The wealth of information about the anchovy population of the California Current was used in the prototype management plan under the Magnuson-Stevens Fishery Conservation and Management Act, and U.S. West coast anchovy are now managed as part of a Coastal Pelegics Species Fishery Management Plan. The anchovy population increase after the collapse of the Pacific sardine was then thought to play a major role in suppressing the recovery of the of the local sardine population. There was no direct knowledge about how this would happen. A broadly based system of laboratory, field micro distribution, and field macro distribution studies allowed description of the anchovy population like no other massive population has been described owing to the work of Lasker, Moser, Hunter, and Smith, their predecessors and their numerous associates, post-doctoral students and under-graduate and graduate students (Lasker 1981). The environment of this species is quite well known for the latter half of the 20th Century owing to the continuing work of CalCOFI(Hewitt 1988) and the discontinued work of the University of California Institute of Marine Sciences Food Chain Research Group (Eppley 1986). The Northern Anchovy is an underutilized species (Shimada et al. 1999, Leet et al. 1992) with a long term potential yield of 120,000 tons. Peak yield was 140,000 metric tons in 1975.
The importance of the microbial loop to the early life history of anchovy was described by Lasker et al. (1970) and quantitatively assessed by Hunter (1972). The early life history was marked by radical changes in environmental requirements from the simple embryo persisting on yolk to the first feeding larva stage which required large numbers of motile organisms in each milliliter of its environment. Later stages required mesoplankton species until, at the age of 2-3 months the larva metamorphosed from a carnivorous larva to an omnivorous juvenile with a well developed filtering apparatus as well as predatory behavior.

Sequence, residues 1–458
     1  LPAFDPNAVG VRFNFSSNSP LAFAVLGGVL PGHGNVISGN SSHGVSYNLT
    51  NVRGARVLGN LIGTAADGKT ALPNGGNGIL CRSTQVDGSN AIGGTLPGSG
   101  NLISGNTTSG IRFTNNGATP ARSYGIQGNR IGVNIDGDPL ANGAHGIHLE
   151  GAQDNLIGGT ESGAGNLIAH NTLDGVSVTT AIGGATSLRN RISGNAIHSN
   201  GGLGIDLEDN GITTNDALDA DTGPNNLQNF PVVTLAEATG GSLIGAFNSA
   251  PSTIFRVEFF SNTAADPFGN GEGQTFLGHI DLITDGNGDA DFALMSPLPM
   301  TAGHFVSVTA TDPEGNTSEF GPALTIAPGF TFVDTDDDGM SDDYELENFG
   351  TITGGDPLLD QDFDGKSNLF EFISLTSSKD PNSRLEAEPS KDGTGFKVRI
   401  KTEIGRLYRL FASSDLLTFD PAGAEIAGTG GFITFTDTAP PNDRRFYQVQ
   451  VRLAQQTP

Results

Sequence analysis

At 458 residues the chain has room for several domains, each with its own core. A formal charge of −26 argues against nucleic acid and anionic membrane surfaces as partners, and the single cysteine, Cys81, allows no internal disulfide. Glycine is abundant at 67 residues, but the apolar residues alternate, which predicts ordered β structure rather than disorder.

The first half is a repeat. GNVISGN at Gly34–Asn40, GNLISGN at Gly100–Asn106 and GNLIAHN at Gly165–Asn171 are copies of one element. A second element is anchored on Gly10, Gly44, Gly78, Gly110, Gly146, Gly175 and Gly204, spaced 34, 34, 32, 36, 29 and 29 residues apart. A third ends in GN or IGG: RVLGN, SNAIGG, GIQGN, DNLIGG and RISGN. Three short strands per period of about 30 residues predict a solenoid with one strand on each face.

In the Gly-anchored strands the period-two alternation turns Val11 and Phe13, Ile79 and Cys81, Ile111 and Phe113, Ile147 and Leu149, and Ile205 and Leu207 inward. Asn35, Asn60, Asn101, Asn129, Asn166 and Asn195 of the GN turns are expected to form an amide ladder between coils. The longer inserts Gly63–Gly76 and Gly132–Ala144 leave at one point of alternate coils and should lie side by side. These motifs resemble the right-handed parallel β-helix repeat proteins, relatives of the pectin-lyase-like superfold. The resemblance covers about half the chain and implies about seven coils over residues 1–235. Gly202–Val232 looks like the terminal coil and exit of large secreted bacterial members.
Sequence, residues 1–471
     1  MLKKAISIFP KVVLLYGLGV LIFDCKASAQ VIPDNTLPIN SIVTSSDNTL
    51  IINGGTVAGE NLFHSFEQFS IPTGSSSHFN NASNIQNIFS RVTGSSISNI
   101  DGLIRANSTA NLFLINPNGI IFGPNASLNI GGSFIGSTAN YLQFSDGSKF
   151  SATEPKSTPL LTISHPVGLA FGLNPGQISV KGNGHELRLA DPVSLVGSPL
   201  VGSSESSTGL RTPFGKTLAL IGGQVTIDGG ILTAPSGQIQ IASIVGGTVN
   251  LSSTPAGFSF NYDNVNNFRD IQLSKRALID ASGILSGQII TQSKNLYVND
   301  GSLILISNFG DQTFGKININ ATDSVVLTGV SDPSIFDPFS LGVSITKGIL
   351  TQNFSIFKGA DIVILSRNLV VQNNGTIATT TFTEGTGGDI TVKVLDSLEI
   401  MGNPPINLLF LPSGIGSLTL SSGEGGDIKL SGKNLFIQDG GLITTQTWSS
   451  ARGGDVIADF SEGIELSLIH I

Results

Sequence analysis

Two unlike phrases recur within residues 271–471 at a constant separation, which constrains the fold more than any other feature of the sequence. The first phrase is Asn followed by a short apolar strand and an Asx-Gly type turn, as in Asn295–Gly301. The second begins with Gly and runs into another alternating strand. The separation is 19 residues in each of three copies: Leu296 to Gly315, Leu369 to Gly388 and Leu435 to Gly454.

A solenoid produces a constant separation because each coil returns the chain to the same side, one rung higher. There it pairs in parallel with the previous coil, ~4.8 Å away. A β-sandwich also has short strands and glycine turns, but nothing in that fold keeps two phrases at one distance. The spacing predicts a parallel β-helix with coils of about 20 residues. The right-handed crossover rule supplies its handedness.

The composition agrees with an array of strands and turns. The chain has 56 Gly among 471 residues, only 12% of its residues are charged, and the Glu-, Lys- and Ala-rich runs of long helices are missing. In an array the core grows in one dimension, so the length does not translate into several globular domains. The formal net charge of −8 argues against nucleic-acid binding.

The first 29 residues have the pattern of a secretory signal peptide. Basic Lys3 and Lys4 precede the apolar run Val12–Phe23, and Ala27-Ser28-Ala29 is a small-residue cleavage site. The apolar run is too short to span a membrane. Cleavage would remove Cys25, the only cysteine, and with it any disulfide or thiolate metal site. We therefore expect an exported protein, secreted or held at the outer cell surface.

Field Micro Distribution
Lasker (1975) extended the laboratory studies by an ingenious experiment. Lasker took reared anchovy larvae from the laboratory to sea to perform assays of the esculent particles, usually live naked dinoflagellates. Known as the 'stable ocean hypothesis' it was established that anchovy larvae could survive and grow only in fine strata in the water column when long periods of calm weather allowed the ocean to stabilize. The aggregations of motile phytoplankton were fostered and maintained for periods of time sufficient for the larvae to develop through the week-long 'first feeding' life stage.
Field Macro Distribution
With massive assistance from California Department of Fish and Game, the field macro distribution of anchovy is well known for the decade of the 70's. The fundamental structure is the school group of 10's to 100's kilometers with 1 to 10 thousand schools of anchovies at all ages and mixtures of other pelagic schooling fish and their predators. The schools themselves appear to be assemblies of fish with similar swimming ability. Within some schools there are cliques made up of ten to twenty percent of the mature females ready for contemporary spawning on a given night and their coterie of males. Within the general habitat, the schools cover somewhat less than 1 percent of the sea surface area.
A most amazing event followed the ENSO of 1982-3. The subsequent cold event may have allowed the introduction of a small fraction of the Pacific anchovies into the Gulf of California where they reproduced to become a major stock in the gulf after a century of absence. They were detected in the gulf fisheries, a sequence of larval fish surveys and egg production cruises and a contemporary analysis of stomach analyses of larvae, juvenile and adults in the nesting bird populations of the central gulf.
Moser and Pommeranz (1999) afforded crucial detail about the vertical distribution of anchovy eggs and larvae. Their work confirmed the earlier work of Ahlstrom (1959) describing the shallow habitat depth for the egg and larval stages of anchovy. About 95% of eggs and 90% of larvae were located in the upper 30 meters of the water column. This landmark work will support abundance indices derived from surface pumping, and also support mathematical models of trophic interactions of anchovy with principle food species, predators and competitors.
Holliday and Larson (1979) described the thickness and vertical distribution of schooled adults over the continental shelf. The median thickness of schools was 4 m but extended to nearly 20 m at times. Depths of this small sample of schools was predominately in the upper 40 meters.
Smith (1970) described the horizontal size distribution of anchovy schools in the Southern California Bight. Mais (1974) described a far larger set of schools over the coastal region of California and Baja California Mexico. Hewitt et al. (1976) described the independence of anchovy school distribution from the bottom depths of the shelf, slope, basins of the Southern California Bight. The schools appear to be organized into school groups (Mais 1974). Smith et al. (1989) compared the distribution of sizes of fish schools and school groups relative to plankton patches and gaps. The distributions were from historical records, not contemporaneous as they would have to be for analytical purposes.